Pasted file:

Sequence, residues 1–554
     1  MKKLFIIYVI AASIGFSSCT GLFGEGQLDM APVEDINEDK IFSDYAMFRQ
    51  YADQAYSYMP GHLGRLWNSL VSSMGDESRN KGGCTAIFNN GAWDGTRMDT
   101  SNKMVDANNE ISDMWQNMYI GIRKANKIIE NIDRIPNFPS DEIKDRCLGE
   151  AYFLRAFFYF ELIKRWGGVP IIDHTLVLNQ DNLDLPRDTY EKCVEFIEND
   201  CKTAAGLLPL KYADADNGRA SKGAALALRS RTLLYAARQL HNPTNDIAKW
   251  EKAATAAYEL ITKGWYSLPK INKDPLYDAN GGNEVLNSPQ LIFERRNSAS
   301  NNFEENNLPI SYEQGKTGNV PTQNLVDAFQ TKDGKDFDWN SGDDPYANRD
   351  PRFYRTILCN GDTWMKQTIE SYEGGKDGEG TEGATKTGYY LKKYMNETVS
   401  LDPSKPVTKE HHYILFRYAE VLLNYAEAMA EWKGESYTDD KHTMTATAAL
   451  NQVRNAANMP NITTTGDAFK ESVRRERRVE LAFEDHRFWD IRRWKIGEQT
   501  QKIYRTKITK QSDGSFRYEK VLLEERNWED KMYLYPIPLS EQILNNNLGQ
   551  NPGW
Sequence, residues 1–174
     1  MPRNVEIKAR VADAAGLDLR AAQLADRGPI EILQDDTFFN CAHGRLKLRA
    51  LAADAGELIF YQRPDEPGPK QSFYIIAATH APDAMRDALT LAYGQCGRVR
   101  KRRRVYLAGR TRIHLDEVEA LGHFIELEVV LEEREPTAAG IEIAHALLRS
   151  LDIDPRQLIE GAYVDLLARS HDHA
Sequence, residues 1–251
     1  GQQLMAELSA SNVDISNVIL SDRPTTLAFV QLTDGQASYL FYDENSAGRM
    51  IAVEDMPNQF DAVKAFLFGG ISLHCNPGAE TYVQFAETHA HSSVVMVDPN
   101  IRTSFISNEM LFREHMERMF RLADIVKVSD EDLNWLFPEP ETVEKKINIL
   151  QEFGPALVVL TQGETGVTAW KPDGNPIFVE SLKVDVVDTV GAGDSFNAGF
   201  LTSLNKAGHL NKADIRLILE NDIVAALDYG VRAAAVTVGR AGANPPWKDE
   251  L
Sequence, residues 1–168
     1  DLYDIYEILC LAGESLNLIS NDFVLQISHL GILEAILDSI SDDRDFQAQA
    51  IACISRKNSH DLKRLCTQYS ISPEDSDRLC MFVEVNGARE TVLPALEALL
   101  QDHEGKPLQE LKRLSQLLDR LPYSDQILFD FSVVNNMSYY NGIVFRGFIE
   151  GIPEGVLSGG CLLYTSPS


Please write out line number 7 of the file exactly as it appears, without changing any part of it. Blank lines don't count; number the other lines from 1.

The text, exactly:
   251  EKAATAAYEL ITKGWYSLPK INKDPLYDAN GGNEVLNSPQ LIFERRNSAS